Saturday, March 22, 2014

Gravitational Waves 1

Gravitational waves, in brief, are the propagations of gravitational fields through space. Before dealing with gravitational waves directly, we attempt to provide historical context and a way to visualize how the waves work.

In 1865, James Clerk Maxwell (1831-1879) published a paper outlining his theory of electromagnetism, compiling and uniting earlier work into a single theory explaining the properties of both electricity and magnetism. For example, it deals with the properties objects possessing positive and negative charges, and the forces they exert on their environments (electric and magnetic fields). This theory also describes electromagnetic waves, or propagating changes in the electromagnetic field. Such waves are characterized by their wavelength and amplitude.

The above simplified diagram of a wave shows its wavelength and amplitude. We also define the frequency of a wave as the number of oscillations per second. In the diagram above, the wave has a frequency of 2 Hz. For electromagnetic waves, amplitude corresponds to intensity of the wave, and wavelength to type (or in the case of visual light, color). The continuous interval of electromagnetic wavelengths is known as the electromagnetic spectrum and includes many familiar types of radiation, including radio waves, microwaves, infrared rays, visible light, ultraviolet rays, X-rays, and gamma rays (all of these types are discussed in the link above).

Such waves are produced when charged objects move through space, causing a change in electric field. When a charge has moved, it will not exert the same forces on its surroundings as it had previously. The change in field is "carried" by waves, which move at the speed of light, a finite (though very fast) speed. The diagram below shows an example of electromagnetic wave production by a dipole, or a pair of equal and opposite charges.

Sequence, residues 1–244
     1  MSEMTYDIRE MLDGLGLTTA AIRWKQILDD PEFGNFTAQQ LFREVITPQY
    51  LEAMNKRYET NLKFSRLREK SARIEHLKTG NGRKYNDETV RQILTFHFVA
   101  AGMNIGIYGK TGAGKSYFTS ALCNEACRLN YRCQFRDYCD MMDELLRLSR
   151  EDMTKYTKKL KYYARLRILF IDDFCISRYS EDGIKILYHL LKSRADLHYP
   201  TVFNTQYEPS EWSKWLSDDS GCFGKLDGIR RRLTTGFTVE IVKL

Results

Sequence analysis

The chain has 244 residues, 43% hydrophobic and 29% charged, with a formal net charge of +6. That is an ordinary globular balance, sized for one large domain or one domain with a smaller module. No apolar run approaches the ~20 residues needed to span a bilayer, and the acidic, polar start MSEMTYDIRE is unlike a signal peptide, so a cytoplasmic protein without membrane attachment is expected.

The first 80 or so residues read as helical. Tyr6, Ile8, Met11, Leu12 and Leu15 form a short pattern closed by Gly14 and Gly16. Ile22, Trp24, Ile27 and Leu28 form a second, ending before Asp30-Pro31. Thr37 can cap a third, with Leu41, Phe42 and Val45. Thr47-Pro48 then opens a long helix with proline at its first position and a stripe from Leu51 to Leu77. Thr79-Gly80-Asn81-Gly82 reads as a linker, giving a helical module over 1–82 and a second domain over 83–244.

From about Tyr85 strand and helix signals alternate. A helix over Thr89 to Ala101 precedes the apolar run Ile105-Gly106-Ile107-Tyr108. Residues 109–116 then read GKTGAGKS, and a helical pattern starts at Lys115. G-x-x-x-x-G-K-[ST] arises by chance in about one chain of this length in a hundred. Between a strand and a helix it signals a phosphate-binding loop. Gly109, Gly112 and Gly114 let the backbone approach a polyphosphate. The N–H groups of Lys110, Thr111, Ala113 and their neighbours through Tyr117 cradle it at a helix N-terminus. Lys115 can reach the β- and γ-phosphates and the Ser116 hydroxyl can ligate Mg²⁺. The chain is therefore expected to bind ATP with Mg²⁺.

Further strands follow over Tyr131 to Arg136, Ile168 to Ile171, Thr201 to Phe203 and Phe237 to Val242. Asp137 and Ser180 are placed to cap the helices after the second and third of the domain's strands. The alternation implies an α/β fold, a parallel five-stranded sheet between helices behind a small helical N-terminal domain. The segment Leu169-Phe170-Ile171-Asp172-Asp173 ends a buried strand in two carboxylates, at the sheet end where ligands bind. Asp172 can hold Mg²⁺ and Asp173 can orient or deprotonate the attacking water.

As the charges oscillate up and down, an electromagnetic wave is produced, and propagates away from the dipole (the blue and red parts of the oscillation are the electric and magnetic field components, respectively). Since the oscillation is periodic, the wave signal it produces is also periodic. The magnitude of the charges forming the dipole determines the amplitude of the generated wave. Also, the frequency of the oscillation determines the frequency of the electromagnetic waves.

At the beginning 20th century, though Maxwell's theory had supplanted earlier understandings of electromagnetism, Newton's was still the dominant paradigm for gravitation. The theories did have similarities, among them the fact that both electromagnetic and gravitational forces shrank with distance in inverse proportion with the square of this distance (F ~ 1/r2). However, while there were both attractive and repulsive electromagnetic forces, gravity was always an attractive force. Another crucial difference was that, as shown above, electromagnetic fields move at the speed of light. Newton's theory, though, simply assumed that all bodies pulled instantaneously on one another. Albert Einstein (1879-1955) developed the theory of general relativity in 1916 and resolved this difference. His theory predicted that differences in gravitational fields would move analogously to electromagnetic fields: using gravitational waves. Further, these postulated gravitational waves would travel at the speed of light.